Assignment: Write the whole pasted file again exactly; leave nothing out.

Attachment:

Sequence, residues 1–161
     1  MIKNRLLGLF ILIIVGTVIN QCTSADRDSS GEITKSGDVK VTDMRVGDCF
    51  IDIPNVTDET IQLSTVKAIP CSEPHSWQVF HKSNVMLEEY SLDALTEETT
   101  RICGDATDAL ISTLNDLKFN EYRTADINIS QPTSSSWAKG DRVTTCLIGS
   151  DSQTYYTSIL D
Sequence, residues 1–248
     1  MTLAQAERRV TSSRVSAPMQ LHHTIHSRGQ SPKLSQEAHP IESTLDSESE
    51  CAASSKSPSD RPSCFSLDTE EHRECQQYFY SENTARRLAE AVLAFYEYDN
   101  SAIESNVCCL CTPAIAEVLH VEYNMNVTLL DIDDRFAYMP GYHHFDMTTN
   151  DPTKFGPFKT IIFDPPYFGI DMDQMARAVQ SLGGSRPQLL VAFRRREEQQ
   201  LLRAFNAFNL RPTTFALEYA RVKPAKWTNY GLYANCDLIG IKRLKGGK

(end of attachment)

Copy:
Sequence, residues 1–161
     1  MIKNRLLGLF ILIIVGTVIN QCTSADRDSS GEITKSGDVK VTDMRVGDCF
    51  IDIPNVTDET IQLSTVKAIP CSEPHSWQVF HKSNVMLEEY SLDALTEETT
   101  RICGDATDAL ISTLNDLKFN EYRTADINIS QPTSSSWAKG DRVTTCLIGS
   151  DSQTYYTSIL D
Sequence, residues 1–248
     1  MTLAQAERRV TSSRVSAPMQ LHHTIHSRGQ SPKLSQEAHP IESTLDSESE
    51  CAASSKSPSD RPSCFSLDTE EHRECQQYFY SENTARRLAE AVLAFYEYDN
   101  SAIESNVCCL CTPAIAEVLH VEYNMNVTLL DIDDRFAYMP GYHHFDMTTN
   151  DPTKFGPFKT IIFDPPYFGI DMDQMARAVQ SLGGSRPQLL VAFRRREEQQ
   201  LLRAFNAFNL RPTTFALEYA RVKPAKWTNY GLYANCDLIG IKRLKGGK